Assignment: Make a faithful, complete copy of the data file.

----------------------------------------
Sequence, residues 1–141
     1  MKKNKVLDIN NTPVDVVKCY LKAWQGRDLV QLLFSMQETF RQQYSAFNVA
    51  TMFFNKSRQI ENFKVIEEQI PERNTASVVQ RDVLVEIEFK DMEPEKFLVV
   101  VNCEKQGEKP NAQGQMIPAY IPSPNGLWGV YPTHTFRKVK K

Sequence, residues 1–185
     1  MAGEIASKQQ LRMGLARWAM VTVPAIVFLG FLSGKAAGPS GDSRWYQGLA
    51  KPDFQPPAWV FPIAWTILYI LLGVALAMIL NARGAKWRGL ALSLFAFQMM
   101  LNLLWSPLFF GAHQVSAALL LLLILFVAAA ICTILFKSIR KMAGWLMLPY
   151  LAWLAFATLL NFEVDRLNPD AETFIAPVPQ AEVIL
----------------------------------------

Sequence, residues 1–141
     1  MKKNKVLDIN NTPVDVVKCY LKAWQGRDLV QLLFSMQETF RQQYSAFNVA
    51  TMFFNKSRQI ENFKVIEEQI PERNTASVVQ RDVLVEIEFK DMEPEKFLVV
   101  VNCEKQGEKP NAQGQMIPAY IPSPNGLWGV YPTHTFRKVK K

Sequence, residues 1–185
     1  MAGEIASKQQ LRMGLARWAM VTVPAIVFLG FLSGKAAGPS GDSRWYQGLA
    51  KPDFQPPAWV FPIAWTILYI LLGVALAMIL NARGAKWRGL ALSLFAFQMM
   101  LNLLWSPLFF GAHQVSAALL LLLILFVAAA ICTILFKSIR KMAGWLMLPY
   151  LAWLAFATLL NFEVDRLNPD AETFIAPVPQ AEVIL